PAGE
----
An actual UNESCO Heritage site, the Albert Docks are beautiful, classy and #classicliverpool. With fascinating museums like the International Slavery Museum next to modern art galleries like the Tate and Open Eye, the Docks satisfies all intellectual desires. But the bars are what the students will miss, obviously. The posh restaurants are fab but where else can you be toasting some gorgeous cocktails whilst looking out on to the Mersey whilst simultaneously getting involved in a conga competition.
That Blue plaque in the guild
Because Liverpool is so extra and you couldn’t be more proud.
The home of Bongo’s Bingo, Chibuku, 24 Kitchen Street AND Constellations, the Baltic Triangle is the most diverse area of Liverpool’s cultural scene. With some of the coolest coffee shops, bars, start-up businesses and a different event on every night, you will never be bored when passing through. You will certainly miss walking back to smithdown with a bottle of water in your hand, but you won’t, however, miss endless threats of club closures and gentrification. Let’s be honest, trips back up here to visit your mates doing masters will be co-ordinated around attending an event in the Baltic Triangle.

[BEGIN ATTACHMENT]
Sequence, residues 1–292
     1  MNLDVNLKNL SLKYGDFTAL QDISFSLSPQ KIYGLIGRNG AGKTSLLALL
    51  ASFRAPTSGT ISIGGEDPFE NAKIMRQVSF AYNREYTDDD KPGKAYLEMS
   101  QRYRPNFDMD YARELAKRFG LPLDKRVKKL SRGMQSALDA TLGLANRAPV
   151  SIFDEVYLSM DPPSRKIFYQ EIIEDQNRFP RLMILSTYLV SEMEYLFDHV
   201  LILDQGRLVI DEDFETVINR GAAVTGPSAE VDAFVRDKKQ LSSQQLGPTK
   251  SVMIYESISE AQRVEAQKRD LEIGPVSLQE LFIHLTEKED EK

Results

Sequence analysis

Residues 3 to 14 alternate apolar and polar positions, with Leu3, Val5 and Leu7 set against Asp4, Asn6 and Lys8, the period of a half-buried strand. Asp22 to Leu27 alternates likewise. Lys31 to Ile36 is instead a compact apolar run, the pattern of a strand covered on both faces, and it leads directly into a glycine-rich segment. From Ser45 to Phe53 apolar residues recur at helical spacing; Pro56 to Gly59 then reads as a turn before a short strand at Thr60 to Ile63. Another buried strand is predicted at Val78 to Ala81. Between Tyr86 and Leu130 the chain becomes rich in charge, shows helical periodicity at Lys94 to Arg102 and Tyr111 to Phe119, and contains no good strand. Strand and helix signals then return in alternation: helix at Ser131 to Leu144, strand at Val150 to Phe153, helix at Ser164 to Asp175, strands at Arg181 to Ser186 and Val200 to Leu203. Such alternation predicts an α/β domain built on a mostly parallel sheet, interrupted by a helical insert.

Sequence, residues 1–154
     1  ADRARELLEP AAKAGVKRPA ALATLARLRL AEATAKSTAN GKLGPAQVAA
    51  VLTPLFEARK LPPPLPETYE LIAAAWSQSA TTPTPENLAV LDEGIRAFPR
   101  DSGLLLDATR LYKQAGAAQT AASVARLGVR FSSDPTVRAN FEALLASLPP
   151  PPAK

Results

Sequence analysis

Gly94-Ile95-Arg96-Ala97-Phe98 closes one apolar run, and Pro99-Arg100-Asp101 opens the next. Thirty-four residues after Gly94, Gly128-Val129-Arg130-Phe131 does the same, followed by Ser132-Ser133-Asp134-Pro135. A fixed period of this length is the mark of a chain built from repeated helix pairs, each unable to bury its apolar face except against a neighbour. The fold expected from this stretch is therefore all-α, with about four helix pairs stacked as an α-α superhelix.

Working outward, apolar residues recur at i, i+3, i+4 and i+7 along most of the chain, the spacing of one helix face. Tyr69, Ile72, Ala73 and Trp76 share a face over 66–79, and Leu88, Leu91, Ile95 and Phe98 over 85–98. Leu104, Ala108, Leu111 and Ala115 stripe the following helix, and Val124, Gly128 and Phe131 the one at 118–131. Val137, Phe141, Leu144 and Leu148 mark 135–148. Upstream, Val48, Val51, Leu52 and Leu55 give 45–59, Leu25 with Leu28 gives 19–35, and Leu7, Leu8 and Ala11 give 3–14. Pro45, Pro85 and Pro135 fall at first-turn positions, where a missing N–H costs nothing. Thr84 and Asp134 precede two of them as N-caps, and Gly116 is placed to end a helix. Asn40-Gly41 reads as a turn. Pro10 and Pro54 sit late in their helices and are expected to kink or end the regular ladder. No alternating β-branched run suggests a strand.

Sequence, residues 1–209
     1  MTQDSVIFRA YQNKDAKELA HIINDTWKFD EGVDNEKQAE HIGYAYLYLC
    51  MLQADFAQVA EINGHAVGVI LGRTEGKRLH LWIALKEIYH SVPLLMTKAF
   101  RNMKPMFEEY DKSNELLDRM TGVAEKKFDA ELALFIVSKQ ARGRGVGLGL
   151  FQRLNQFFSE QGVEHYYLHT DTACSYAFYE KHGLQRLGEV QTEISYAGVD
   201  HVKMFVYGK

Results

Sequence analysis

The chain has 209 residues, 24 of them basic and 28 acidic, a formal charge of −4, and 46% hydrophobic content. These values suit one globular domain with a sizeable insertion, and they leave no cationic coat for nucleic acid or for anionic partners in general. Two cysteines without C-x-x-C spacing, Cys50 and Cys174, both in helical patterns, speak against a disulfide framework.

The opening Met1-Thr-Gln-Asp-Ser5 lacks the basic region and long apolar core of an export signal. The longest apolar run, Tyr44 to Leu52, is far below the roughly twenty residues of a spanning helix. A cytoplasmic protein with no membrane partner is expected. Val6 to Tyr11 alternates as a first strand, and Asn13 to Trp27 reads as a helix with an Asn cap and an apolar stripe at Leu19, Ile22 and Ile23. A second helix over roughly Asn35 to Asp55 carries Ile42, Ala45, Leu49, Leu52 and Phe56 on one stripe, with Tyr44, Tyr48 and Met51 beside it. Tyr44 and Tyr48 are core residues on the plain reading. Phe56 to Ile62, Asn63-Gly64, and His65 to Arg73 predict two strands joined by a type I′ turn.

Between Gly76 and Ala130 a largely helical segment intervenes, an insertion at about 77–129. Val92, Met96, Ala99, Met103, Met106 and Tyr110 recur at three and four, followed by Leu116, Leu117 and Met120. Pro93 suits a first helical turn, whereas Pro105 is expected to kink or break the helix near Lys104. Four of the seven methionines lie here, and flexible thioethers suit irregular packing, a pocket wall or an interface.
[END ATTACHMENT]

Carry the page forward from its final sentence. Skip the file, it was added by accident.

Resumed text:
Whether you’ve been to an event at the Palm House or just had a picnic in the sun, the memories you have of Sefton Park will stay with you forever. Oh, and that sun burn you also got when you got too day drunk to remember to put on sun cream.
The Tesco by the SJ
It’s just so convenient. We wrote a whole article about it, we love it that much.
Level’s celeb filled Friday nights